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NAB's Smith Rejuvenates Broadcast Lobby

Urges industry to 'use all the tools'
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Gordon Smith, the former Senator from Oregon who took leadership of the National Association of Broadcasters more than two years ago, is putting the clout back in the broadcast lobby.

In a speech before thousands of broadcasters, Smith took what has typically been an address on the state of the radio and TV businesses and turned it into a rallying cry for policy activism in the halls of Congress and at the Federal Communications Commission.

His remarks, in which he declared “NAB is back,” opened up the industry’s annual conference in Las Vegas, where station executives shop for broadcast equipment and software.

“In that room there was an overwhelming appreciation that we’ve dodged two very big bullets,” Smith told a group of reporters following his address. “My job is to keep us vigilant that the fights are ongoing and the threats keep coming.”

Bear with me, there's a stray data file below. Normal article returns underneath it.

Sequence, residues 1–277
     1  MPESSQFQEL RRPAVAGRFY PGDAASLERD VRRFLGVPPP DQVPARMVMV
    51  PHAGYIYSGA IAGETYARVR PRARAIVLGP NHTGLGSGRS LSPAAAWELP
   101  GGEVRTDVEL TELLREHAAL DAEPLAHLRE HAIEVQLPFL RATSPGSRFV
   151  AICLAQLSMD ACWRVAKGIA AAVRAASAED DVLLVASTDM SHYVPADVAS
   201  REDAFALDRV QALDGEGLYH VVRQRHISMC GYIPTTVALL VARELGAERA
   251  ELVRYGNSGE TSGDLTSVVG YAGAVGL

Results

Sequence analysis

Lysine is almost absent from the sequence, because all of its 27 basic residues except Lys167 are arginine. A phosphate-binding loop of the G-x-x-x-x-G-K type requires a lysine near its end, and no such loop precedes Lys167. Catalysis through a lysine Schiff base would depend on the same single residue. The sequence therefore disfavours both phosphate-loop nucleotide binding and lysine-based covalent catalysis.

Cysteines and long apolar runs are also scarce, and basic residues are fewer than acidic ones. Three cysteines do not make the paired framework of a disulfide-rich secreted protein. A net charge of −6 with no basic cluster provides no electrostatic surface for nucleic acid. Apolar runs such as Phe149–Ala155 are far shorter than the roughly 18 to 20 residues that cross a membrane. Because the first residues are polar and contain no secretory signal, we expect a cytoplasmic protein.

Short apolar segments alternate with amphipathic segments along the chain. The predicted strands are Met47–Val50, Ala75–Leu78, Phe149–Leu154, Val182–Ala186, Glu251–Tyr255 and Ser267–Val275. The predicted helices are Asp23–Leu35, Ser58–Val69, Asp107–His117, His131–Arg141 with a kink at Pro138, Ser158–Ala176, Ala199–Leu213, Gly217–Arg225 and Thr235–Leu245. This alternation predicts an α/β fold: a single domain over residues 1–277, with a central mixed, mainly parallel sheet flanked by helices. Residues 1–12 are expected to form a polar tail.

Under Smith, broadcasters managed to make sure that radio stations did not have to pay an additional tax on music played on the radio. More recently, a new law authorizing the FCC to hold spectrum  auctions includes provisions to protect broadcast spectrum.

The industry is still under attack from a wireless industry that sees the FCC’s spectrum auctions as merely a “down payment” for more spectrum and from cable and satellite TV companies that are lobbying hard for retransmission consent reform.

“The fights seem to keep coming and the promise I made to our industry today was that we’ll continue to use all the tools available to us,” he said.

Driving that point home to his audience, Smith compared the Internet community’s successful blackout that stopped proposed online copyright legislation from advancing in Congress to the broadcast lobby.

“The Googles and Wikis used their medium just as we did to create a powerful megaphone to change forever how battles are won, or lost, inside the Beltway,” Smith said. “Like us, they used every tool at their disposal to sway public opinion. They changed the debate.”

And if Smith has his way, the broadcasters can change the debate, too.